We are not satisfied with a situation where the unemployment rate for African Americans is 15.8%, for Hispanics 12.4%, and for whites 8.8%, as it was in February 2010. We are not satisfied that a person with disabilities is only one fourth as likely to be employed as a person without disabilities. We are not satisfied when fewer than half of African-American and Hispanic families own homes while three quarters of white families do. We are not satisfied that whites are twice as likely as Native Americans to have a college degree.
This paragraph’s emphasis on group rights and achieving “equality of results” rather than only “equality of opportunity” is consistent with the HRC’s flawed view of the nature of human rights and what member states are obligated to guarantee to their citizens.
Fundamental Reform Needed
Regrettably, the Administration’s decision to elevate and legitimize the deeply flawed HRC through U.S. engagement and membership gives the UPR process similar credibility. It is imperative that the Administration pursue reforms in the 2011 review of the council to make the HRC and the UPR process a focused and powerful weapon in improving observance of fundamental human rights and freedoms. This starts with establishing strong membership criteria for the council.
Failure to achieve reforms in the 2011 review should lead Congress to again withhold a proportional amount of the U.S. contribution to the U.N. that supports the work of the council and serves as a stark reminder of the need to create an alternative arbiter of international human rights outside of the U.N. system.
Brett D. Schaefer is Jay Kingham Fellow in International Regulatory Affairs and Steven Groves is Bernard and Barbara Lomas Fellow in the Margaret Thatcher Center for Freedom, a division of the Kathryn and Shelby Cullom Davis Institute for International Studies, at The Heritage Foundation.
Brett D. Schaefer and Steven Groves, “The U.S. Universal Periodic Review: Flawed from the Start,” Heritage Foundation WebMemo No. 2994, August 26, 2010, at http://www.heritage.org/research/reports/2010/08/the-us-universal-periodic-review-flawed-from-the-start.
U.N. Human Rights Council, Working Group on the Universal Periodic Review, “National Report Submitted in Accordance with Paragraph 15 (A) of the Annex to Human Rights Council Resolution 5/1: United States of America,” August 23, 2010, at http://lib.ohchr.org/HRBodies/UPR/Documents/session9/US/A_HRC_WG.6_9_USA_1_United%20States-eng.pdf.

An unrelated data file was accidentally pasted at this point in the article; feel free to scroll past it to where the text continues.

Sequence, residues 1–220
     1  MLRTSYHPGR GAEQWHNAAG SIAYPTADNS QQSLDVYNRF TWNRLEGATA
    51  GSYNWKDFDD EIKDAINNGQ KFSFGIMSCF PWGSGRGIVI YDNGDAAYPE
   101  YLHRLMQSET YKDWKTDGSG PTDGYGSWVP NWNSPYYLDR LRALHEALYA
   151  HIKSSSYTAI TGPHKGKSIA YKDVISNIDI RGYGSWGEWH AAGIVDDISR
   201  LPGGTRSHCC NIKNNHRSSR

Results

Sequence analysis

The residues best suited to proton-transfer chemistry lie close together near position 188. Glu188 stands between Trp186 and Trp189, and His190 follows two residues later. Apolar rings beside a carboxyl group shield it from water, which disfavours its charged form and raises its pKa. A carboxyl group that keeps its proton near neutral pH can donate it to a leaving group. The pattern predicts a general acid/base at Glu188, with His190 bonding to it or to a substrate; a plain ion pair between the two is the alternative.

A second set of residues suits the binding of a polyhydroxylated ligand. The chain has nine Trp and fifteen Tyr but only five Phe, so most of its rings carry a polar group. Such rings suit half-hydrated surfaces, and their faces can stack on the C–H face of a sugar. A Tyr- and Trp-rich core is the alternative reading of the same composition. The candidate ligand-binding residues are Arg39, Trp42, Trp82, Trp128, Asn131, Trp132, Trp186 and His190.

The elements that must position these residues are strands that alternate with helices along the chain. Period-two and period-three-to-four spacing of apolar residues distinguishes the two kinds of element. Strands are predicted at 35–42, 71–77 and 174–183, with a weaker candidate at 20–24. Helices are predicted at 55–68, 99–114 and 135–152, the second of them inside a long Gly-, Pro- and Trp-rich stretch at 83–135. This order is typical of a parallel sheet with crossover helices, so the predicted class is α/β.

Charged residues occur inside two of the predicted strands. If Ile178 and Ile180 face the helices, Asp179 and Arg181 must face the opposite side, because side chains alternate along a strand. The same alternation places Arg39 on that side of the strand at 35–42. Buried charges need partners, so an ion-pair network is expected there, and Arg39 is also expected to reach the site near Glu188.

U.N. Watch, “Mutual Praise Society: Country Scorecard and Evaluation of the Universal Periodic Review System of the U.N. Human Rights Council,” February 6, 2009, p. 2, at http://www.unwatch.org/atf/cf/%7B6DEB65DA-BE5B-4CAE-8056-8BF0BEDF4D17%7D/Mutual%20Praise%20Society.pdf (August 26, 2010).
For more detailed reform proposals, see Brett D. Schaefer and Steven Groves, “The U.N. Human Rights Council: No Better for Obama’s Engagement,” Heritage Foundation Backgrounder No. 2339, November 9, 2009, at http://www.heritage.org/research/reports/2009/11/the-un-human-rights-council-no-better-for-obamas-engagement.
U.N. Human Rights Council, Working Group on the Universal Periodic Review, “National Report Submitted in Accordance with Paragraph 15 (A) of the Annex to Human Rights Council Resolution 5/1: China,” November 10, 2008, at http://lib.ohchr.org/HRBodies/UPR/Documents/Session4/CN/A_HRC_WG6_4_CHN_1_E.pdf (November 5, 2010).
U.N. Human Rights Council, Working Group on the Universal Periodic Review, “National Report Submitted in Accordance with Paragraph 15 (A) of the Annex to Human Rights Council Resolution 5/1: Cuba,” November 8, 2008, at http://lib.ohchr.org/HRBodies/UPR/Documents/Session4/CU/A_HRC_WG6_4_CUB_1_E.pdf (November 5, 2010).
U.N. Human Rights Council, Working Group on the Universal Periodic Review, “National Report Submitted in Accordance with Paragraph 15 (A) of the Annex to Human Rights Council Resolution 5/1: Islamic Republic of Iran,” November 8, 2008, at http://lib.ohchr.org/HRBodies/UPR/Documents/Session7/IR/A_HRC_WG6_7_IRN_1_E.pdf (November 5, 2010).
U.N. Human Rights Council, Working Group on the Universal Periodic Review, “National Report Submitted in Accordance with Paragraph 15 (A) of the Annex to Human Rights Council Resolution 5/1: Democratic People’s Republic of Korea,” August 27, 2009, at http://lib.ohchr.org/HRBodies/UPR/Documents/Session6/KP/A_HRC_WG6_6_PRK_1_E.pdf (November 5, 2010).
U.N. Watch, “Cuba Organizing Rogue Speakers’ List of Hardliners in Bid to Ambush U.S. at Friday’s U.N. Review,” November 3, 2010, at http://blog.unwatch.org/index.php/2010/11/03/cuba-organizing-rogue-speakers-list-of-hardliners-in-bid-to-ambush-us-at-fridays-un-review/ (November 5, 2010).
Brett Schaefer, “Arizona Heat: Another Reason to Question U.S. Participation in the Human Rights Council,” The Foundry, August 30, 2010, at http://blog.heritage.org/2010/08/30/arizona-heat-another-reason-to-question-u-s-participation-in-the-human-rights-council/.
“Report of the United States of America, Submitted to the U.N. High Commissioner for Human Rights in Conjunction with the Universal Periodic Review,” p. 8, at http://www.state.gov/documents/organization/146379.pdf (August 26, 2010).
For more detailed reform proposals, see Schaefer and Groves, “The U.N. Human Rights Council: No Better for Obama’s Engagement.”